Sometimes I read what I last wrote and I regret it. For example, in my last post, I sound smug when really all I wanted to say was, 'The Engine Room was really amazing and I hope lots of people go to see it.'
Anyway. Last week while buying a birthday card, I glanced to my right and saw something that immediately filled me with joy. It was the 40th Anniversary Edition DVD of The Railway Children movie that I had watched countless times when I was younger. I didn't care that it was ridiculously over-priced, I had to buy it immediately. One of the reasons being, I had never seen the first 15 minutes or so of the movie because my Mum had videoed it off TV and had missed the start, so when we watched the video it always started from when they arrived at Three Chimneys.
I loved this movie so much when I was younger, along with Little Women, and so wished I lived in a time when there were candles and lamps and long dresses, that one day when my Mum happened to make apple pie, I made her and my sister dress in shawls with me, close the curtains, light a candle, and pretend we were like the family in the movie when they arrive at the house and have the apple pie left for them by the housekeeper. One of the best things about my Mum is that she actually went along with many of my amazing ideas ('Can we dig a hole in the ground by the tree hut and make a little fire in it and cook things over it?' What kind of mother says yes to that? An AWESOME one).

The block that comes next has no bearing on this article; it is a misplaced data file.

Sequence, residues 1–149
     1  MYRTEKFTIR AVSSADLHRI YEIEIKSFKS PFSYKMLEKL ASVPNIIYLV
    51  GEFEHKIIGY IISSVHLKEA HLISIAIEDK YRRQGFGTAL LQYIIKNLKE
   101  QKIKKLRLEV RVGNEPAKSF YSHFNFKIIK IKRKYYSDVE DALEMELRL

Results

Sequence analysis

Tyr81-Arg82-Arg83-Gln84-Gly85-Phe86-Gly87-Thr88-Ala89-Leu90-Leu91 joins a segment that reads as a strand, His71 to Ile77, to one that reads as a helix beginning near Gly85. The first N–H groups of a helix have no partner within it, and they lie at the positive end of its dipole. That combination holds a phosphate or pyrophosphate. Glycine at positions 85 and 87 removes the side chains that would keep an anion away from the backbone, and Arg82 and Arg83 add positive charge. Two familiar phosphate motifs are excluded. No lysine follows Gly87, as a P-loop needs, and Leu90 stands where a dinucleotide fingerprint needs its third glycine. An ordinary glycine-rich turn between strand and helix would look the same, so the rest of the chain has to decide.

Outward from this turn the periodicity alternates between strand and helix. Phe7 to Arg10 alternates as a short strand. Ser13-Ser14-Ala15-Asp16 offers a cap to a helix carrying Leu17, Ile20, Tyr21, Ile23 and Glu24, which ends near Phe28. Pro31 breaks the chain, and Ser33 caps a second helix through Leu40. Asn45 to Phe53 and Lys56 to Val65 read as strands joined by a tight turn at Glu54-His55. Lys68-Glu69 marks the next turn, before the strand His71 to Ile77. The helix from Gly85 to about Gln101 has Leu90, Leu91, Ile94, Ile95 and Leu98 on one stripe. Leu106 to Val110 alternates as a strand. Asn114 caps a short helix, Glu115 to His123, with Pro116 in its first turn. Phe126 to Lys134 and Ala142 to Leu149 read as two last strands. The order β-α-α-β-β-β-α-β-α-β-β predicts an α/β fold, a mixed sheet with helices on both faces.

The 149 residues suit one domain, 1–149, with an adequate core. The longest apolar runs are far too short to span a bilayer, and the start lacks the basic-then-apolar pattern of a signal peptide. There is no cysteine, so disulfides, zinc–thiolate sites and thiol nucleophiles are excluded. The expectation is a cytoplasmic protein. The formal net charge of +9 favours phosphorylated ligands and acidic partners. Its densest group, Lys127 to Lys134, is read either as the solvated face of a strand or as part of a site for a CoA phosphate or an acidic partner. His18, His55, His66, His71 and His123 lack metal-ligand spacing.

I had told Alex this story when I was suggesting we watch The Railway Children for classic movie Sunday and explaining how excited I was to be able to watch the movie again and see the start for the first time. And because Alex is potentially the best person ever to live, look what she made to accompany the movie:
It was outstandingly delicious.
Someone at work had warned me watching the movie again would ruin it for me because it wouldn't be as good as I remembered (because obviously, having bought the DVD at lunchtime, I went back to work and talked a lot about how much I loved the movie, and how I wanted to go home right then and watch it, and told the apple pie and shawls story, and generally added to the ever growing number of reasons people at my work think I am unhinged).
I was adamant seeing The Railway Children again could only reinforce my love for it and I was right. The movie was just as amazing as I remembered, but better because it was even funnier than I remembered. Some of the comedy is intentional, some of it is the result of being 40 years old. I still love the station porter, Mr Perks, the best. And the Mum is such a babe.
Because of such modern conveniences as Wikipedia, I learned that the actress who played the middle child, Phyllis, was actually 20 when they made the movie and she was playing an 11 year old. Crazy. She's a pain in the movie anyway. Which was great for classic movie Sunday because we tend to shout at the TV screen and talk to the characters when they're annoying. Naturally.